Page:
That exception could end up being a useful asset, one that helps Boston improve either before the trade deadline or this offseason. But to this point, the inability to replace Hayward has hurt the Celtics on the court.
The two veterans Boston signed this offseason, Teague and center Tristan Thompson, have struggled, shining a brighter spotlight on Boston’s decision to rely on the bevy of young players they’ve drafted over the past three years, from rookies Aaron Nesmith and Payton Pritchard to second-year guards Romeo Langford and Carsen Edwards and forward Grant Williams to third-year center Robert Williams III.
“They’ve all had a chance to play, and they’ve all had good moments,” Ainge said. “What’s difficult about this year is just the roles that we intended them to fill, especially as young players, is not one of being a primary scorer. When you lose [starters], everybody has to move up and play a bigger role. That’s when we have had some inconsistencies this year.”
Pritchard, the No. 26 pick out of Oregon, has firmly established himself in the rotation, averaging 7.4 PPG and shooting 38% from deep. Now in his third year, Robert Williams has become a reliable member of Stevens’ three-headed monster at center. But the rest of Boston’s rookie and sophomore brigade has provided very little; Langford has yet to even play this season.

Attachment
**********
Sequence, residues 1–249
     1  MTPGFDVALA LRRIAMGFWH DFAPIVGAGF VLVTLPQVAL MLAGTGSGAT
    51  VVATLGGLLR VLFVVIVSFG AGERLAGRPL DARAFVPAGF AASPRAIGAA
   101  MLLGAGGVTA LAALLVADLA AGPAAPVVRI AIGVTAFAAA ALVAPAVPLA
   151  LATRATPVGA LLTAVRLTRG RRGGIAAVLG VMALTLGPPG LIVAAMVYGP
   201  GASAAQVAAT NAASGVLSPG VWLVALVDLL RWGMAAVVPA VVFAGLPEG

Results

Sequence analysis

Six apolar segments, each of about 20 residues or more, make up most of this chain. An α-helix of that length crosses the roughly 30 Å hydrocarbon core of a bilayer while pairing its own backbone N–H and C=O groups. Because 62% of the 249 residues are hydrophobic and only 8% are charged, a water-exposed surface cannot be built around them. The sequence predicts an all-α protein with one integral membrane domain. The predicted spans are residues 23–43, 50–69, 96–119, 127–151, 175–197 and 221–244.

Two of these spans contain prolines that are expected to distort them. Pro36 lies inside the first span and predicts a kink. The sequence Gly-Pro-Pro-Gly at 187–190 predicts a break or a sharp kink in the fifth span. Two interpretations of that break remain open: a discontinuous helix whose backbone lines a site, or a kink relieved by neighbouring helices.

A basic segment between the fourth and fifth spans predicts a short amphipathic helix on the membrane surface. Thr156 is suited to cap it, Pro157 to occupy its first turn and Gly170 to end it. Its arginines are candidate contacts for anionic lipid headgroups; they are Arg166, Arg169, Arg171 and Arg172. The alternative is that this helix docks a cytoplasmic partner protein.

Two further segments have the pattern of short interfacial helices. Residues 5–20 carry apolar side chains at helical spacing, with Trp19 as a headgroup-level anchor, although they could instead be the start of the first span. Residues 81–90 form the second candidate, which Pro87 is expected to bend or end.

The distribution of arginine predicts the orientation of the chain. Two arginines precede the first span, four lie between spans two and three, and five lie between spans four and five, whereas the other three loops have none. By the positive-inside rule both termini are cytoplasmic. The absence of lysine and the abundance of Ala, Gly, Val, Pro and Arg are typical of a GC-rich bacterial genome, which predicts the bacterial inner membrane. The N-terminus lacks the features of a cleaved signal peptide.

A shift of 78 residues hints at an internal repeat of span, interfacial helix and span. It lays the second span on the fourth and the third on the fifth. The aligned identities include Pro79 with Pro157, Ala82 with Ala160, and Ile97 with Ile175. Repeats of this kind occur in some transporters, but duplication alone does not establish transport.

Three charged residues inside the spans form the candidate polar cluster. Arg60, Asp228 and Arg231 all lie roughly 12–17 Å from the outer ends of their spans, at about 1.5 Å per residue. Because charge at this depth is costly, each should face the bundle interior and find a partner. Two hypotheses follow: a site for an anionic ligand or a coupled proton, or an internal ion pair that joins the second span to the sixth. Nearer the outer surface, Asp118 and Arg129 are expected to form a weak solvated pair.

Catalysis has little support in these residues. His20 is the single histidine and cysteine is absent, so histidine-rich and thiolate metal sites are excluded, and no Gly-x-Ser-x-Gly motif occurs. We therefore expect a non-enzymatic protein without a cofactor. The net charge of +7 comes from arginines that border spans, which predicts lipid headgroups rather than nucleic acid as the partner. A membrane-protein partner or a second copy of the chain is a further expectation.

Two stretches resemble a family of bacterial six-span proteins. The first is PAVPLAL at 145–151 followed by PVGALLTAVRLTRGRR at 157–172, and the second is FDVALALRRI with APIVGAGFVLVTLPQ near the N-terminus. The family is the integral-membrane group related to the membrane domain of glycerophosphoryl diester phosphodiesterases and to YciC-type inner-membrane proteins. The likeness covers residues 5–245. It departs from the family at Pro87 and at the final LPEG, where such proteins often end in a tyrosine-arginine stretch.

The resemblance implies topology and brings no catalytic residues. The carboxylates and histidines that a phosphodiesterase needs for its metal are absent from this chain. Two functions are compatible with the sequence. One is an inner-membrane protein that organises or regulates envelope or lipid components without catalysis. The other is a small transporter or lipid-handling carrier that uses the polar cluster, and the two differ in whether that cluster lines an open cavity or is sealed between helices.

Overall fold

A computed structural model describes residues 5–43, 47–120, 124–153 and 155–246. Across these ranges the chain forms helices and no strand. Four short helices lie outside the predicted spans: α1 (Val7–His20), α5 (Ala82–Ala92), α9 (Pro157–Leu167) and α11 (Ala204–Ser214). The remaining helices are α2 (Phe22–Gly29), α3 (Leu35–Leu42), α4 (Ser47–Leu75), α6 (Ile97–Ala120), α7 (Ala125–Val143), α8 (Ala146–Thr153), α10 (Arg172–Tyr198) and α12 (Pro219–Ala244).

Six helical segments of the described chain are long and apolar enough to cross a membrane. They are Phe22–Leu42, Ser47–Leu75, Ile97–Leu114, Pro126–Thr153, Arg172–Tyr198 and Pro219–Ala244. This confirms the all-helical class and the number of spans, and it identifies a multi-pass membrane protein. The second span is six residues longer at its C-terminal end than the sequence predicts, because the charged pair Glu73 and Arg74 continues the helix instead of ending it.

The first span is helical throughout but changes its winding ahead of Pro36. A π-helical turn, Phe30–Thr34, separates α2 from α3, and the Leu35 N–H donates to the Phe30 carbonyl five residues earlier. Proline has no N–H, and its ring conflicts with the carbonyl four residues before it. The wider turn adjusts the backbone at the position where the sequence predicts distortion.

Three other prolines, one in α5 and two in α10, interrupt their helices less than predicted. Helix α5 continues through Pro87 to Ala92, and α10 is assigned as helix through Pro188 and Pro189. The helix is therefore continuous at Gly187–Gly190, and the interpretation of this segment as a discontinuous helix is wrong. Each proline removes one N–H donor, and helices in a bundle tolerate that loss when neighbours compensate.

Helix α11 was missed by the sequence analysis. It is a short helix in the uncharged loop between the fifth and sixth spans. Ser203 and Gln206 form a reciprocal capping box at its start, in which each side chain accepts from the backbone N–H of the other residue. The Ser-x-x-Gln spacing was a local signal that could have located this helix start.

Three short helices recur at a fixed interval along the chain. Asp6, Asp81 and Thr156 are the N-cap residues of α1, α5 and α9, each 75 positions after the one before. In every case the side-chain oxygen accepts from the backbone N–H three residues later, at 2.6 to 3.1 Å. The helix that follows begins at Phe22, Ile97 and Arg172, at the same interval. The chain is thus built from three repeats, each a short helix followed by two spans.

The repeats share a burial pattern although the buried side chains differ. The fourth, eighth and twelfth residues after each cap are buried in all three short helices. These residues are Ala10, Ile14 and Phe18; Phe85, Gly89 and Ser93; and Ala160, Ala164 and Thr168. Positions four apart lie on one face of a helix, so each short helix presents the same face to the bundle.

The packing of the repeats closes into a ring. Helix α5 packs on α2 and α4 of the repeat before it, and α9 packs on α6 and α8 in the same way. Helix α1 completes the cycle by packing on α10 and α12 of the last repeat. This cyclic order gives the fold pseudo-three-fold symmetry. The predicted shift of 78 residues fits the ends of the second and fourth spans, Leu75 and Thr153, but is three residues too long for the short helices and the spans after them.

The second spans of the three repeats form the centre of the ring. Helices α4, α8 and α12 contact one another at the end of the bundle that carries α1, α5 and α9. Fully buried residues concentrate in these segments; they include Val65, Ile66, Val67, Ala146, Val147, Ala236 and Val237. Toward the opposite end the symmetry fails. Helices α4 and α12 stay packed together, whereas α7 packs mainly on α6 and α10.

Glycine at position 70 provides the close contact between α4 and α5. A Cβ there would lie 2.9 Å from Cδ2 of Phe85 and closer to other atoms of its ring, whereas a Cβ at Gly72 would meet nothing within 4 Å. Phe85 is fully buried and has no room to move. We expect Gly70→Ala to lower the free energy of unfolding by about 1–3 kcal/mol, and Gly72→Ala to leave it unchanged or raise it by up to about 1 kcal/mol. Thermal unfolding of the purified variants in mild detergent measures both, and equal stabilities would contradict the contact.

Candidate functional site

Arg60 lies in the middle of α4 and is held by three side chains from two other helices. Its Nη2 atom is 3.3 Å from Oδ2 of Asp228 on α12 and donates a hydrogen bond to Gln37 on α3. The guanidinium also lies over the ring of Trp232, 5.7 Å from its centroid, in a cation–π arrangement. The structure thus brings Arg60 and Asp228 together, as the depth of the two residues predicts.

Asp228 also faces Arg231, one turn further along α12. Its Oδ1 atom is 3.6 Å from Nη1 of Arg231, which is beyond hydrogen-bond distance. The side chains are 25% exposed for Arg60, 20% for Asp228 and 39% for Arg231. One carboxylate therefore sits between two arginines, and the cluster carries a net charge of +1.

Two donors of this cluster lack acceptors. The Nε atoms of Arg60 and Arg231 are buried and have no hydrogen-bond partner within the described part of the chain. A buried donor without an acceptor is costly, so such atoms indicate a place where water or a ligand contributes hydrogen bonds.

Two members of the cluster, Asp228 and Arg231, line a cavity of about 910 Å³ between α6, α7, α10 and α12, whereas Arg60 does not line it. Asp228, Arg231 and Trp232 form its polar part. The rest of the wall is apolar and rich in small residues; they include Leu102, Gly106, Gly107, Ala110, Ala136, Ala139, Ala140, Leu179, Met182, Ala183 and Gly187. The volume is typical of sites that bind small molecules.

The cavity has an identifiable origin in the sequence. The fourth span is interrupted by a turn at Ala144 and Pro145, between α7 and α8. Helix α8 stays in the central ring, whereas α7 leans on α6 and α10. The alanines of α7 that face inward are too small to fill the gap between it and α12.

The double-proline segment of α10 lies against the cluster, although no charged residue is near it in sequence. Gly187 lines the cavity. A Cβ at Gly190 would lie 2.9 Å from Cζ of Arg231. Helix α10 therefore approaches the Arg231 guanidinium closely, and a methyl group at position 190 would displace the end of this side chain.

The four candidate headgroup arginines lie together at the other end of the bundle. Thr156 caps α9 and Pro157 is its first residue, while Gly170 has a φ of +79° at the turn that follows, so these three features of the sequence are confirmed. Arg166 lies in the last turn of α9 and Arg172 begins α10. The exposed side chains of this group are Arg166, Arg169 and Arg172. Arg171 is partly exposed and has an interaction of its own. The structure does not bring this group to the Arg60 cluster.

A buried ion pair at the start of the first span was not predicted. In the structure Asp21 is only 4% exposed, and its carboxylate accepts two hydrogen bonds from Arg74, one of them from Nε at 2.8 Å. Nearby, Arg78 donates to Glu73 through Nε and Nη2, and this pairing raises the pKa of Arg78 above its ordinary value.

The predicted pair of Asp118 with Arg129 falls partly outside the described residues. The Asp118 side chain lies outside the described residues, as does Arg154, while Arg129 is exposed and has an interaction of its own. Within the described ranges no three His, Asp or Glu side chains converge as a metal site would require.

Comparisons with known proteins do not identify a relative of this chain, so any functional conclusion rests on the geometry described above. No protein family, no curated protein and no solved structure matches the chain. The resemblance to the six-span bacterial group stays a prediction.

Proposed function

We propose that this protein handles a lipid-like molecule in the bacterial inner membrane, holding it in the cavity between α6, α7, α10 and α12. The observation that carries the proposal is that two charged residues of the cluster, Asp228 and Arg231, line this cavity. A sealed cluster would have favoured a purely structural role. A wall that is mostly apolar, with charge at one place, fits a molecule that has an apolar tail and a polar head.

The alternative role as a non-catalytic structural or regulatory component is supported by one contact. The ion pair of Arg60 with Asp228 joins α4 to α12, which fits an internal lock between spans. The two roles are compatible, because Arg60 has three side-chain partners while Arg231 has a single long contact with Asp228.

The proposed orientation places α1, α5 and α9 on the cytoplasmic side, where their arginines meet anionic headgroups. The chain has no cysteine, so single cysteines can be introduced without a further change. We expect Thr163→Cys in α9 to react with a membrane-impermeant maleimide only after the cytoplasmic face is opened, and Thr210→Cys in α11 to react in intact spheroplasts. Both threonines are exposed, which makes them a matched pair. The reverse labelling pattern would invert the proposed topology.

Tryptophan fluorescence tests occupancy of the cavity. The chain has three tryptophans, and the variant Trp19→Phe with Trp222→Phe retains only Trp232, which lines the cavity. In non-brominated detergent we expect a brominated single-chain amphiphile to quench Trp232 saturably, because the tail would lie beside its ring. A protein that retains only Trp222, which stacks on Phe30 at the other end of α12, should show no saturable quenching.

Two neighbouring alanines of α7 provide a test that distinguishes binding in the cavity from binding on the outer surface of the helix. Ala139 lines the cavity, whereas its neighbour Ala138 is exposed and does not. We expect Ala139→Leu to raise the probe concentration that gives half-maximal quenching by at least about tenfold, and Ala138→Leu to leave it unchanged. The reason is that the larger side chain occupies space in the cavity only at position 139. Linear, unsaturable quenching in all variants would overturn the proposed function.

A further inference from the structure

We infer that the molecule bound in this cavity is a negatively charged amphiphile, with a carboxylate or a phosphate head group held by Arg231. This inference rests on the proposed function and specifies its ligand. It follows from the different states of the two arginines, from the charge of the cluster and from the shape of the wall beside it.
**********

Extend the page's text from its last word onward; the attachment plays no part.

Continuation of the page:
That’s resulted in Boston being stuck around .500 despite Tatum remaining an All-Star and Brown joining him at that level, in what has been a Most Improved Player-caliber season so far.
“If you would have told me Brown and Tatum were going to be this going to be this good, I’d be surprised [at their record],” a Western Conference executive said. “I could’ve seen if they’d struggled but not as well as those guys have played. That’s surprising.”
FOR THE PAST several years, the Celtics have tried to pull off the most tricky balancing act an NBA team can attempt to do: winning today, while remaining well-positioned to win tomorrow. It has almost worked. The Celtics reached the Eastern Conference Finals in 2017, 2018 and 2020. They’ve won 35 playoff games in the past four years. Only the Golden State Warriors (46) have won more.